I can’t say enough good things about Bergsøy, another blessing in disguise. After Iceland, I had gone back to the UK and signed for Warrington Town, and was geared up for the season. Then I had a club in Norway that wanted to sign me and very similar to Kansas, I put the phone down and thought where have I just decided to go. I didn’t do the homework it just felt right and I was going. I called Warrington and explained the situation and the coach said it was a great opportunity, so go. It was a very community-centred club where people of the town, their kids would play for the club so being in the academy you would know pretty much everyone in the town. You got to know everyone very quickly and I was accepted from the first minute and looked after almost like a guest at the time. At the time the club was ambitious and it was everything I needed to throw myself at. I had everything I needed to train to get in my best condition to perform for this club and achieve something for this community.
You were an integral part of the proudest moment of that club’s history or at least one of them, talk to us about this.
I think so. In the past they had a couple of successful teams they would talk about while I was there. There is an atmosphere and energy about Bergsøy that is hard to describe in words but is a feeling that you get when you are there, where this is something bigger than it may present itself. There was a budget, they built a fantastic stadium for the community and had the ground to do something to achieve something big. I found myself in this team that was tasked with delivering something like this and we were unable to push through the second division which was the goal at the time. The cup game, was unbelievable. To put that into a phrase, it is what I went into football for, and to feel and to achieve I got everything I had been grinding for and working for that day.
In a tight game when it was tied 1-1 your team get a free-kick and you stepped up to take it. You scored an absolute screamer and it gets a lot of attention in national media and you knock them out of essentially the Norwegian FA. Was this everything you had dreamed of?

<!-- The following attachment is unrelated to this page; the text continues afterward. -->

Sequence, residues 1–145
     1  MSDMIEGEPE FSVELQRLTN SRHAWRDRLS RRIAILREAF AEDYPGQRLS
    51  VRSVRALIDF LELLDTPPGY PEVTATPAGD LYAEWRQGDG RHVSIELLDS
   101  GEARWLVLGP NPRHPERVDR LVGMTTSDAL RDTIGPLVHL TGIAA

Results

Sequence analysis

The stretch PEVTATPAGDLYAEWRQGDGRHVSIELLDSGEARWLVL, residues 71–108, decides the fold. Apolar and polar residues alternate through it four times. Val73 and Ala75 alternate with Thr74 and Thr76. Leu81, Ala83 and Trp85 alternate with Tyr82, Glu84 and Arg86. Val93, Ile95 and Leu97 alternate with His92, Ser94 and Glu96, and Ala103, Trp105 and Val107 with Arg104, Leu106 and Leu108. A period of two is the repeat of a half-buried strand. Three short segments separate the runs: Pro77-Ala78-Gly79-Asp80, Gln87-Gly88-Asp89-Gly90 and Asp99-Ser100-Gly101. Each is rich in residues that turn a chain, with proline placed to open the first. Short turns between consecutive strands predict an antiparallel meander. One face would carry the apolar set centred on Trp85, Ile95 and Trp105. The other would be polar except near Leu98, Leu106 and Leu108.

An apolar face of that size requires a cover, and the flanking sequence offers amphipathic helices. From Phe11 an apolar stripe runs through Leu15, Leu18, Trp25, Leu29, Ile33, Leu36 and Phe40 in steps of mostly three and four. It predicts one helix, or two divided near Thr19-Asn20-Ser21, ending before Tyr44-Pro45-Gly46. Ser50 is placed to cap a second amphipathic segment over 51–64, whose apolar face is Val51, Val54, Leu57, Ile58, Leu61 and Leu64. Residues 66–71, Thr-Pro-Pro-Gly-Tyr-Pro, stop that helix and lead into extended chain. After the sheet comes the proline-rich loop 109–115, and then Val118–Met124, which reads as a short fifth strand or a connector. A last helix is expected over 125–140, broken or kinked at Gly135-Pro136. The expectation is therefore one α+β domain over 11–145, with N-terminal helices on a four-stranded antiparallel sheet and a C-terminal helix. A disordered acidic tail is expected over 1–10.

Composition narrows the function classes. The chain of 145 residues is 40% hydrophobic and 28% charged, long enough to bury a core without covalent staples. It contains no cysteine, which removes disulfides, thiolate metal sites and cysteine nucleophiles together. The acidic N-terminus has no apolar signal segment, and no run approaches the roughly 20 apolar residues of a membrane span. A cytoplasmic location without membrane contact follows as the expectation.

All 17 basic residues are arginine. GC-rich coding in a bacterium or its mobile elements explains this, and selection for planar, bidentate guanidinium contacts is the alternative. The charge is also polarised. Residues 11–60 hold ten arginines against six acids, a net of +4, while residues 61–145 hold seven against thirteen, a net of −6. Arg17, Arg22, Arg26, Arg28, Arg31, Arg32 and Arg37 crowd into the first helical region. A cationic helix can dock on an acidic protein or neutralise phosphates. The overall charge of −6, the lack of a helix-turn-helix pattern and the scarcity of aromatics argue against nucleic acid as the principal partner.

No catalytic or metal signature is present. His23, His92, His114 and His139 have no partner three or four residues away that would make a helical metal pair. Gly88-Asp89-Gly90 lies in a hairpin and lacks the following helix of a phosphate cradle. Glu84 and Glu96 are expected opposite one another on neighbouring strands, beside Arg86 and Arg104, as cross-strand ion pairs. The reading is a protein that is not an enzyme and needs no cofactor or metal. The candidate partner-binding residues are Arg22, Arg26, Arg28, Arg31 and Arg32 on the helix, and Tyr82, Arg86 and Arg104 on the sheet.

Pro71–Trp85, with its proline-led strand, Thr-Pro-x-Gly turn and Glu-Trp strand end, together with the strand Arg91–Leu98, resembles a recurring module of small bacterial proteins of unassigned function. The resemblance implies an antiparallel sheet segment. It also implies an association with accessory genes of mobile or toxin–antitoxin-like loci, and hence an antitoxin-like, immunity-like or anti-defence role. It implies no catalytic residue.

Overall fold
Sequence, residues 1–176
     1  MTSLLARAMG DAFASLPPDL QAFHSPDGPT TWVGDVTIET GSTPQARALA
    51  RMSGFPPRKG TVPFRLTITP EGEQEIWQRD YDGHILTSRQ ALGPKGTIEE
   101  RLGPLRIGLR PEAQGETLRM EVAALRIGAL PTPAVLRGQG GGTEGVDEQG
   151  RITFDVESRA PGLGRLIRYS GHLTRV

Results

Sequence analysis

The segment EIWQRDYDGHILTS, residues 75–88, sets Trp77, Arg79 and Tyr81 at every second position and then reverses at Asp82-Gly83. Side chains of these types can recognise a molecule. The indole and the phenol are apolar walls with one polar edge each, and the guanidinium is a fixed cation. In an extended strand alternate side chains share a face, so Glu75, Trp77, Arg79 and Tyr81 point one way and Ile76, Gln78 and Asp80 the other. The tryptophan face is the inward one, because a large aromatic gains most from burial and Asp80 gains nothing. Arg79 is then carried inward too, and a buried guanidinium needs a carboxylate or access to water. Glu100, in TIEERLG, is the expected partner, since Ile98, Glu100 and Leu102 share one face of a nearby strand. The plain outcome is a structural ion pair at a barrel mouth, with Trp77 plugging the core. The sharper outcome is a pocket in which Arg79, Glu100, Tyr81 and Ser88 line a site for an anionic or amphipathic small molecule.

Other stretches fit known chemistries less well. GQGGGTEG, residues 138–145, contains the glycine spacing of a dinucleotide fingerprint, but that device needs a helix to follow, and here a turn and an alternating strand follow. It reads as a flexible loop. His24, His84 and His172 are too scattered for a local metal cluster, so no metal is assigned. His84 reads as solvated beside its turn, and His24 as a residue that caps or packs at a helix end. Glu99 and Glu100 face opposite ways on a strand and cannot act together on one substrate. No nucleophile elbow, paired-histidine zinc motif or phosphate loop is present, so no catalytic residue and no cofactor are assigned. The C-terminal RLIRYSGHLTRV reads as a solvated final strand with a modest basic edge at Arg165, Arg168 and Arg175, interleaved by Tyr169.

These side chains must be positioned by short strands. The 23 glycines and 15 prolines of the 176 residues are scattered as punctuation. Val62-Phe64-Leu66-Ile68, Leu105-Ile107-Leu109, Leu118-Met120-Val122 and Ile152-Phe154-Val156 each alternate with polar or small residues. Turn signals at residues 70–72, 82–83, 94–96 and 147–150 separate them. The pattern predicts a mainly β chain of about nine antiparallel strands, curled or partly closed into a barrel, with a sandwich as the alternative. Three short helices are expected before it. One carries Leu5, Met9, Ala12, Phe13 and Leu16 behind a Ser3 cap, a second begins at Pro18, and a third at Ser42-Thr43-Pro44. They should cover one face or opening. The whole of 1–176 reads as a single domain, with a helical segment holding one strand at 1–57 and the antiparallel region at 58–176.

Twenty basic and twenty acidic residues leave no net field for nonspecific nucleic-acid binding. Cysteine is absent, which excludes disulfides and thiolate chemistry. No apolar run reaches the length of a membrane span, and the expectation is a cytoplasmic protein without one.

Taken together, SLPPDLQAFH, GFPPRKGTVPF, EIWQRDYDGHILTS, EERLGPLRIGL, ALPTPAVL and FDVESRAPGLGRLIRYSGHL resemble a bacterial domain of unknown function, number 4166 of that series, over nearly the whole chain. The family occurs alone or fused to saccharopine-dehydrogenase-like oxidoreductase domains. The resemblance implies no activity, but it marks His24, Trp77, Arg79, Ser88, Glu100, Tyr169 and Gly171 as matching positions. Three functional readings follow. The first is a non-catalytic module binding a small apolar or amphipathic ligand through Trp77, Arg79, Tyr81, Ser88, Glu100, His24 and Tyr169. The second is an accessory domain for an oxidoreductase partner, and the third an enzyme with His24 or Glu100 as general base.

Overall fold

It was insane. When the game started we were under the cosh and we were 10 men behind the ball. We got through to half-time at 1-0 and felt we still had a chance. There was an atmosphere or something about the game if we could hold it at 1-0, and because we are good at set-pieces, we might get a chance here. The second half was strange, we grew into the game as if we were another Premier League team. We had players from the Croatian under 21’s and Lithuanian Youth Team and players who played a high level in Norway. John Arne Riise’s brother was playing in the game and he argued with one of their center backs and we knew we had them rattled. We had 1000 fans in the stand who were singing songs getting louder and louder with drums banging and it was building towards something. The free-kick opportunity comes with about 5 minutes from time and is about 40 yards out and a good crossing position. I should interject that I did have a free kick in exactly the same position with Cloud in a conference final and hit the crossbar. Here I am in this position and I look at the group of players to see where I am going to put this but I notice the goalkeeper is about 5 yards off his line expecting a cross. In the back of my head, I was like I am hitting this. The whistle went and as I went for the near post, as soon as I hit it with my foot I was like it is going in. The ball goes just over his fingertips and off the bottom of the crossbar and goes in. At that point, I couldn’t have told you my name as a minute of my life seems to be missing as guys are on top of me and the stadium of fans celebrating this goal and Bergsøy are beating Aalesund which may have been a 1000/1 before the game. The final whistle finally sounds and there is an outpour of emotion to say look what we did, look what we achieved, this little community on the side of a mountain on a small island in Norway have beaten a premier league team.